The Celtics would also have tough time trading him if he becomes a decent player, because – barring a Collective Bargaining Agreement change – his new team could offer just $2,803,507 starting to re-sign him this offseason. Essentially, he’ll have either no value or value only as a rental.

Boston will have so much cap flexibility next summer, waiving Young would barely make a dent – especially if he’s stretched. But to avoid the possibility of that small inconvenience, the Celtics are forgoing the possibility of a far bigger upside.

Young is unlikely to play well enough to make Boston pay. But he’s talented, and 21-year-olds are unpredictable.

If I were the Celtics, I would’ve exercised the option – even if it’s unlikely to pay off. The potential reward outweighs the risk.

Joel Embiid staying in Philadelphia for 76ers’ second leg of back-to-back at Hornets

joel embiid
Mitchell Leff/Getty Images
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Play in back-to-backs?

Joel Embiid isn’t even travelling for the 76ers’ first back-to-back.

Jahlil Okafor isn’t ready for two games in two nights, either.

Jessica Camerato of CSN Philly:

The Sixers have consecutive games on Tuesday at home against the Magic and Wednesday on the road against the Hornets. Embiid will play Tuesday and stay back in Philadelphia on Wednesday. The team is planning for Okafor to sit out against the Magic (he will be suited up and available) and play in Charlotte.

More teams should probably do this. It’s not just playing so much in short spans that wears down NBA players. It’s also the travel. If you’re certain Embiid won’t play, let him really rest by staying home.

It’s a small sample, but Embiid has looked good so far. At some point, the 76ers will need him on the court more to win.

But with Okafor, Ben Simmons, Nerlens Noel and Jerryd Bayless also ailing, this team (especially) isn’t ready to win now, anyway.

Report: Thunder agree to four-year, $84 million contract extension with Victor Oladipo

PHILADELPHIA, PA - OCTOBER 26: Victor Oladipo #5 of the Oklahoma City Thunder dribbles the ball against the Philadelphia 76ers at Wells Fargo Center on October 26, 2016 in Philadelphia, Pennsylvania. NOTE TO USER: User expressly acknowledges and agrees that, by downloading and or using this photograph, User is consenting to the terms and conditions of the Getty Images License Agreement. The Thunder defeated the 76ers 103-97. (Photo by Mitchell Leff/Getty Images)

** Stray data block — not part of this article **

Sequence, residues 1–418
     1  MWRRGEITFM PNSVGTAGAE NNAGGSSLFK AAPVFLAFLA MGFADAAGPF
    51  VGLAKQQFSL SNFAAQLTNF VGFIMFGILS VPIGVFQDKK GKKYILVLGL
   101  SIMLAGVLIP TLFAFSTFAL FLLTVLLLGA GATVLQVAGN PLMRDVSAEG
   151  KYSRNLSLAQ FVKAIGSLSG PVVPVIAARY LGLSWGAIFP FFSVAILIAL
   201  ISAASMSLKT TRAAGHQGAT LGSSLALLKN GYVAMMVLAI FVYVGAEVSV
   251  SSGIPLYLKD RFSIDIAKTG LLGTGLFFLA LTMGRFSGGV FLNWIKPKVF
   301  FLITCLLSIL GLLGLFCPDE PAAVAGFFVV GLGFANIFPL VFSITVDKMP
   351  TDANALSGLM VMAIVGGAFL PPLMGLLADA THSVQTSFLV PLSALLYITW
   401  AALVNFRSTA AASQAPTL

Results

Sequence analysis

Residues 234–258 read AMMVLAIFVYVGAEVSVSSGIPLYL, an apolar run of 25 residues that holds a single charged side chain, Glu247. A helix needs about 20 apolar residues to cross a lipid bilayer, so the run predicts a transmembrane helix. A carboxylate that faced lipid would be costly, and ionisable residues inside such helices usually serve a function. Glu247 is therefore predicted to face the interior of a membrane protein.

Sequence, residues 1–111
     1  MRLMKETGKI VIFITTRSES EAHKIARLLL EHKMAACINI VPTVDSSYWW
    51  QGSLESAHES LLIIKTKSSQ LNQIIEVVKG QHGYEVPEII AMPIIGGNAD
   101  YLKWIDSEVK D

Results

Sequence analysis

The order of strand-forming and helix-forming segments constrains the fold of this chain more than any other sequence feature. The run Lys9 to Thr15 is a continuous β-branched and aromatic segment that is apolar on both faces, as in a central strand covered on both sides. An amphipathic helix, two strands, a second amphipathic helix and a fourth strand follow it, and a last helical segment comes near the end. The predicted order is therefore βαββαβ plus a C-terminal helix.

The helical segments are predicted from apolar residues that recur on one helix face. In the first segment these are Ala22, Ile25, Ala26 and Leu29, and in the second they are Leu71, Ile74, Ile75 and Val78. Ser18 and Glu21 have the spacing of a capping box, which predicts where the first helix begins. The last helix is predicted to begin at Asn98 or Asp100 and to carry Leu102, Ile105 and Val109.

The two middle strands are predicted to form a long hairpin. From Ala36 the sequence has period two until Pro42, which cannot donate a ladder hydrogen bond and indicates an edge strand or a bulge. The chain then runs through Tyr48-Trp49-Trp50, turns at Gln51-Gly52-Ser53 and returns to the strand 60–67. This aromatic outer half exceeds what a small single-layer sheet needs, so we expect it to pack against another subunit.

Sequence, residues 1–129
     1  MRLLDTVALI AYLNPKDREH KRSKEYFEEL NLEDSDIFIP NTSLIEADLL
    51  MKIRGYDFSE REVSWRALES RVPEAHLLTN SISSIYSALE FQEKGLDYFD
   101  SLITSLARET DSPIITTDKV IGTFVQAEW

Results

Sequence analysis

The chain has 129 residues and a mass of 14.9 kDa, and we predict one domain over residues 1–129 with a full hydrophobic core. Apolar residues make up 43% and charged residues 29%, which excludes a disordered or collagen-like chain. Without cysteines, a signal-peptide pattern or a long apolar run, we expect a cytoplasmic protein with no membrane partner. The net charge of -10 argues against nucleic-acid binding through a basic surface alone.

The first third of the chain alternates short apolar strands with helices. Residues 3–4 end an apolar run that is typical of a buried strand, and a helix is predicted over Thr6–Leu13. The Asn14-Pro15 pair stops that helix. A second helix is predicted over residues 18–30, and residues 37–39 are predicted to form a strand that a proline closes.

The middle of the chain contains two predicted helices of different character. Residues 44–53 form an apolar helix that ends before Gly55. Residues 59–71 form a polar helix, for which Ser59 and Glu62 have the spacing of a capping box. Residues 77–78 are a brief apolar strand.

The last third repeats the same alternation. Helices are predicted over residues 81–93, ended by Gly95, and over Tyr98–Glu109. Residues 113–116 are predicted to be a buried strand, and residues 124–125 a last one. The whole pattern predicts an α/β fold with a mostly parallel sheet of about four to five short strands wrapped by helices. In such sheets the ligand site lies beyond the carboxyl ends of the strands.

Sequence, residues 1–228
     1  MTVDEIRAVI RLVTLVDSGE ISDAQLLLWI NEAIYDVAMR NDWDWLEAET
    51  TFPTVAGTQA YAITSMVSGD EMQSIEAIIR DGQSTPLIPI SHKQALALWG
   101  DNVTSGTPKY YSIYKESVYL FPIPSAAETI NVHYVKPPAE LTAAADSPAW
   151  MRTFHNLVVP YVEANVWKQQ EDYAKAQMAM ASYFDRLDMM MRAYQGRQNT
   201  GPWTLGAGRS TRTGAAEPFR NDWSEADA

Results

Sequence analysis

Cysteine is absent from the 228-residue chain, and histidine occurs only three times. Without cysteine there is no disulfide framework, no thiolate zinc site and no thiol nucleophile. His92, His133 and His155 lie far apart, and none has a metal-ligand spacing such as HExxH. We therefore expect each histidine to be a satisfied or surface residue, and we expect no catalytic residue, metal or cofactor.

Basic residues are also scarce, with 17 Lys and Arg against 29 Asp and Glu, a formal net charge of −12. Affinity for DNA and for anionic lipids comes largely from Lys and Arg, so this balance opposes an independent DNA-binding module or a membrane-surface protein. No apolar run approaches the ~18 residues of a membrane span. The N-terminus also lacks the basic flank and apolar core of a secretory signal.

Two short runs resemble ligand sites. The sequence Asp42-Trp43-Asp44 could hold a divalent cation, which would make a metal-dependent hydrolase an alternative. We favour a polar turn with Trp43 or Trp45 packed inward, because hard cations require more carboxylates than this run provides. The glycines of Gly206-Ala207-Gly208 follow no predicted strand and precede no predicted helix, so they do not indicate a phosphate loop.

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The Thunder were talking contract extensions with Steven Adams and Victor Oladipo, and it seemed they were making more headway with Adams.

But Oladipo beat him to the punch.

Shams Charania of Yahoo Sports:

Paying Oladipo $21 million per year seems fair enough. In league with a dearth of quality wings and an increased need for them in order to play small, Oladipo might have gotten a max deal in free agency. So, Oklahoma City shaves a little off a deal that could have paid about $26 million annually.

But Oladipo was also no lock to receive a max offer sheet. He has yet to shoot league average on 3-pointers, and his defensive presence is only beginning to be established. It would have been reasonable for the Thunder to gauge Oladipo’s development this year before committing so much money.

Still, the 24-year-old Oladipo is an excellent athlete who’s starting to put his defensive tools to good use. An improving 3-point shot could open the rest of his offense.

This is not a perfect bet. It is not a bad bet.

Oladipo’s extension could also open the door to Adams signing one. A concern with both extensions was reducing cap flexibility next offseason, but Oladipo’s extension already erases plenty of Oklahoma City’s maneuverability. An Adams extension would present diminishing losses in cap room at this point.

Also keep an eye on what Serge Ibaka gets this summer. The Thunder traded the pending unrestricted free agent for Oladipo, likely thinking locking up Oladipo would be easier than Ibaka.